What we can see with Flavio’s work is not only the notable talent and creativity, but also a willingness to be creative and different. The panel’s takes Soleri’s concept of creating colorful and abstract panels made with silt to new levels by introducing a whole new style to the technique that has been rarely copied in an artistically compelling way.

The challenge Arcosanti itself faces as it considers its future without its founder and primary driver for all of its history up to now, is how to both honor Soleri (without becoming a museum) and to encourage a culture that embraces (rather than stifles and discouraging it) the creative talent of people like Flavio Borrell and Antonio Chelen to create a new story for Arcosanti in the “Post-Soleri Era.”

May we who are inspired by the work and life of Paolo Soleri, consider such efforts as inspirations in our lives to build a reality of creative work that builds on the legacy of Paolo Soleri.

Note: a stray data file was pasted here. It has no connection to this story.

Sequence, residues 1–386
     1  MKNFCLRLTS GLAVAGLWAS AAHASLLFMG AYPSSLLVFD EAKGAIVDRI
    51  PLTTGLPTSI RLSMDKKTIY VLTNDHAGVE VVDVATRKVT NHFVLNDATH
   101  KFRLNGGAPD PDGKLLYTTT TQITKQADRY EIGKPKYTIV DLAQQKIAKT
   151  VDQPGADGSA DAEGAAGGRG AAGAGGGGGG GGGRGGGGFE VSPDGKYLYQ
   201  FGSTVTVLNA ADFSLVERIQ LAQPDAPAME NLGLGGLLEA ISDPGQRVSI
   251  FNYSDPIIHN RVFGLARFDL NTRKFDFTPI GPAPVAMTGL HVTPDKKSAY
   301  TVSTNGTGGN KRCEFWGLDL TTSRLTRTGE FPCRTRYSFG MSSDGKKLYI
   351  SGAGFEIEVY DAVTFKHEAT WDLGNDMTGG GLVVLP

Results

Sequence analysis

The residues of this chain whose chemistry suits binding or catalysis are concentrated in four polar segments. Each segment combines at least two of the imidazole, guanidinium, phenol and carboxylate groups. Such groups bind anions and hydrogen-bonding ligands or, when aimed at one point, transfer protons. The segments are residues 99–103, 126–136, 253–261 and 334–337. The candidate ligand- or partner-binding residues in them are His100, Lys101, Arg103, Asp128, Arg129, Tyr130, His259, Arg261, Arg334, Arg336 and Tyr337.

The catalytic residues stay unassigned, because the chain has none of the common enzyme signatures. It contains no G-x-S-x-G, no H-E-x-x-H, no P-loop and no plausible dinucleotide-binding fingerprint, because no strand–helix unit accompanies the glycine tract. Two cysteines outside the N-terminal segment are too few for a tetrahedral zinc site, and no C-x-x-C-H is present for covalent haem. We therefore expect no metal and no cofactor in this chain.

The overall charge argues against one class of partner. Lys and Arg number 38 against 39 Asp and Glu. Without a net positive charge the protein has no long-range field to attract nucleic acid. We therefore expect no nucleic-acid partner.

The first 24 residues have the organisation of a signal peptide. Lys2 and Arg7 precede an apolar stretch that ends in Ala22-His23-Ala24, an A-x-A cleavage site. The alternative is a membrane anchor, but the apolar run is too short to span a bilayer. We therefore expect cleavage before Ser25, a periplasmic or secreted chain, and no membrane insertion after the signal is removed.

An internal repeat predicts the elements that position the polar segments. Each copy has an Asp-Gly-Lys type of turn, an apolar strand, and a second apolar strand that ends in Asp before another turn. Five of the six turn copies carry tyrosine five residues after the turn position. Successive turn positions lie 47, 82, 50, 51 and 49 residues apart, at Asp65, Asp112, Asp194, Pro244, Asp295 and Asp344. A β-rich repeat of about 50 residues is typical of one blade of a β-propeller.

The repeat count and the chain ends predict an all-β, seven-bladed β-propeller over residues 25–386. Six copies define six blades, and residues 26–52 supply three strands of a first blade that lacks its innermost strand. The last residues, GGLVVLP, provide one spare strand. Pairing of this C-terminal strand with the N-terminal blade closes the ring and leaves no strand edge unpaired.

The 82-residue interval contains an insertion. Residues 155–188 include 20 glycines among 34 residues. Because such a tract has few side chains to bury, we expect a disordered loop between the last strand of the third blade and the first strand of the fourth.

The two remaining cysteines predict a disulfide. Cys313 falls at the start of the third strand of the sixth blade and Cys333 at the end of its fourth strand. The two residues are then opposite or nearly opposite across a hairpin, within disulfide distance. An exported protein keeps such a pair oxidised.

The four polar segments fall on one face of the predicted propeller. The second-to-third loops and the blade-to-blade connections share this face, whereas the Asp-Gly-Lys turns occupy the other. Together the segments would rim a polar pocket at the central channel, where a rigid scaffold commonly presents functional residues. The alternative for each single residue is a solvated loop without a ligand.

If we think big and work relentlessly to create the physical and practical reality of that creation, we may indeed be humbled by the possibility of our creation and how that propels us to greatness.

You can see more images of Flavio’s work here

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Greenhouse MA Community College Greenhouse: Pushing the State of the Art in Sustainable Greenhouse Design?

Recently I have been discussing ideas on how to effectively move forward the Arcosanti Energy Apron Greenhouse Project with David Tollas and other Arcosanti Workshop Alumni on Facebook. This was a discussion David initiated to discuss some of the challenges he was facing in getting the project completed as planned.

Last night, Eric Fedus just made me aware of an advanced greenhouse that incorporates state of the art integrated systems for maximum performance in sustainability. Its Just north of where I am now (Williamsberg MA). The Greenfield Community College Greenhouse is a nearly 600k project that includes a 400k DOE grant and also a large individual donation of 200k.

This project is an example of my assertion in the discussion that research does not always have to be tied to financial sustainability. While that should ultimately the goal of any projects work it may not lie directly in the scope of it. In the case of this project, it sought to demonstrate how its possible to build a greenhouse that provides an ideal growing environment for plants without the use of fossil fuels or other energy sources that emit CO2 into the environment – a Net Zero building.